Zara  Bryant

Zara Bryant


How To Configure SSL/TLS for MySQL on Ubuntu 18.04


MySQL is the most popular open-source relational database management system in the world. While modern package managers have reduced some of the friction to getting MySQL up and running, there is still some further configuration that should be performed after you install it. One of the most important aspects to spend some extra time on is security.

By default, MySQL is configured to only accept local connections, or connections that originate from the same machine where MySQL is installed. If you need to access your MySQL database from a remote location, it's important that you do so securely. In this guide, we will demonstrate how to configure MySQL on Ubuntu 18.04 to accept remote connections with SSL/TLS encryption.


To complete this guide, you will need:

  • Two Ubuntu 18.04 servers. We will use one of these servers as the MySQL server while we'll use the other as the client machine. Create a non-root user with sudo privileges and enable a firewall with ufw on each of these servers. Follow our Ubuntu 18.04 initial server setup guide to get both servers into the appropriate initial state.
  • On one of the machines, install and configure the MySQL server. Follow Steps 1 through 3 of our MySQL installation guide for Ubuntu 18.04 to do this. As you follow this guide, be sure to configure your root MySQL user to authenticate with a password, as described in Step 3 of the guide, as this is necessary to connect to MySQL using TCP rather than the local Unix socket.

Please note that throughout this guide, the server on which you installed MySQL will be referred to as the MySQL server and any commands that should be run on this machine will be shown with a blue background, like this:

Similarly, this guide will refer to the other server as the MySQL client and any commands that must be run on that machine will be shown with a red background:

Please keep these in mind as you follow along with this tutorial so as to avoid any confusion.

Step 1 — Checking MySQL's Current SSL/TLS Status

Before you make any configuration changes, you can check the current SSL/TLS status on the MySQL server instance.

Use the following command to begin a MySQL session as the root MySQL user. This command includes the -p option, which instructs mysql to prompt you for a password in order to log in. It also includes the -h option which is used to specify the host to connect to. In this case it points it to, the IPv4 loopback interface also known as localhost. This will force the client to connect with TCP instead of using the local socket file. MySQL attempts to make connections through a Unix socket file by default. This is generally faster and more secure, since these connections can only be made locally and don't have to go through all the checks and routing operations that TCP connections must perform. Connecting with TCP, however, allows us to check the SSL status of the connection:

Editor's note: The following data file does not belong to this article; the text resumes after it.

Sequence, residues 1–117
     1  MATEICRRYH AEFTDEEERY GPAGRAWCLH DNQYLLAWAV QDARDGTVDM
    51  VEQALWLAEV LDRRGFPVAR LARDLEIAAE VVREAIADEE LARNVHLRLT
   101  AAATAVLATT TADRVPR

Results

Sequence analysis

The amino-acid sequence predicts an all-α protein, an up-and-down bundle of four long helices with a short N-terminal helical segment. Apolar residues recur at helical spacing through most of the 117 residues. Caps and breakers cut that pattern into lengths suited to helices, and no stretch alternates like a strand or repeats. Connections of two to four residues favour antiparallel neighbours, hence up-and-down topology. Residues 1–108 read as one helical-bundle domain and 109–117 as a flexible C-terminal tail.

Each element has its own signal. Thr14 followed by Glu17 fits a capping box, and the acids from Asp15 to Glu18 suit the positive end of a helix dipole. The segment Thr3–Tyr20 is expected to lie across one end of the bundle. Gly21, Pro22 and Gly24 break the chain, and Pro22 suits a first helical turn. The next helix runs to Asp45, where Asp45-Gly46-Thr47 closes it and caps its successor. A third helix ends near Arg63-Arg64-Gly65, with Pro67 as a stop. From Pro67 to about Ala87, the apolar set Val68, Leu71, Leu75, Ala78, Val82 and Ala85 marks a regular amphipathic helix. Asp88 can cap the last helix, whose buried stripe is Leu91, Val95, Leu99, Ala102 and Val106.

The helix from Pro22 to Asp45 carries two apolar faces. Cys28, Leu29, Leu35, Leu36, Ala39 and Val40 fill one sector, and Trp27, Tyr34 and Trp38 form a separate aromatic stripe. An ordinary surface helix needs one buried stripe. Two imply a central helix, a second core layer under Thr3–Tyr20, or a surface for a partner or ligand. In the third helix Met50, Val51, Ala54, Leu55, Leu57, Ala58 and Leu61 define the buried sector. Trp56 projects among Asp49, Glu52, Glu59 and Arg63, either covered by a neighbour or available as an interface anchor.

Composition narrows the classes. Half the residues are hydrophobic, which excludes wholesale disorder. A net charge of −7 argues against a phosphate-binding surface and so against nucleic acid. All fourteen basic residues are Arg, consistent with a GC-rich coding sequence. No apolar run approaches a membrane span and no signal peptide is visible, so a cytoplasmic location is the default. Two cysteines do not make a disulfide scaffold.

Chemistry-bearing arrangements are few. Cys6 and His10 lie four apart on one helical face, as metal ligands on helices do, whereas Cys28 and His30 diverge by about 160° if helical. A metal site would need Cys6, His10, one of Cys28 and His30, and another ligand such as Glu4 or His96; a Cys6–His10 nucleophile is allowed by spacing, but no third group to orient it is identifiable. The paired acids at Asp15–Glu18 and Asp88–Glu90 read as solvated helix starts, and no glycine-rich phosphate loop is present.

mysql -u root -p -h

You will be prompted for the MySQL root password that you chose when you installed and configured MySQL. After entering it you'll be dropped into an interactive MySQL session.

Show the state of the SSL/TLS variables issuing the following command:

| Variable_name | Value    |
| have_openssl  | DISABLED |
| have_ssl      | DISABLED |
| ssl_ca        |          |
| ssl_capath    |          |
| ssl_cert      |          |
| ssl_cipher    |          |
| ssl_crl       |          |
| ssl_crlpath   |          |
| ssl_key       |          |
9 rows in set (0.01 sec)

The have_openssl and have_ssl variables are both marked as DISABLED. This means that SSL functionality has been compiled into the server, but that it is not yet enabled.

Check the status of your current connection to confirm this:


mysql Ver 14.14 Distrib 5.7.26, for Linux (x86_64) using EditLine wrapper

Connection id: 9
Current database:
Current user: root@localhost
SSL: Not in use
Current pager: stdout
Using outfile: ‘’
Using delimiter: ;
Server version: 5.7.26-0ubuntu0.18.04.1 (Ubuntu)
Protocol version: 10
Connection: via TCP/IP
Server characterset: latin1
Db characterset: latin1
Client characterset: utf8
Conn. characterset: utf8
TCP port: 3306
Uptime: 40 min 11 sec

Threads: 1 Questions: 33 Slow queries: 0 Opens: 113 Flush tables: 1 Open tables: 106 Queries per second avg: 0.013

As the above output indicates, SSL is not currently in use for this connection, even though you’re connected over TCP.

Close the current MySQL session when you are finished:


Now that you’ve confirmed your MySQL server isn’t using SSL, you can move on to the next step where you will begin the process of enabling SSL by generating some certificates and keys. These will allow your server and client to communicate with one another securely.

Step 2 — Generating SSL/TLS Certificates and Keys

To enable SSL connections to MySQL, you first need to generate the appropriate certificate and key files. MySQL versions 5.7 and above provide a utility called mysql_ssl_rsa_setup that helps simplify this process. The version of MySQL you installed by following the prerequisite MySQL tutorial includes this utility, so we will use it here to generate the necessary files.

The MySQL process must be able to read the generated files, so use the –uid option to declare mysql as the system user that should own the generated files:

sudo mysql_ssl_rsa_setup --uid=mysql

This will produce output that looks similar to the following:

Generating a 2048 bit RSA private key
writing new private key to ‘ca-key.pem’

Generating a 2048 bit RSA private key
writing new private key to ‘server-key.pem’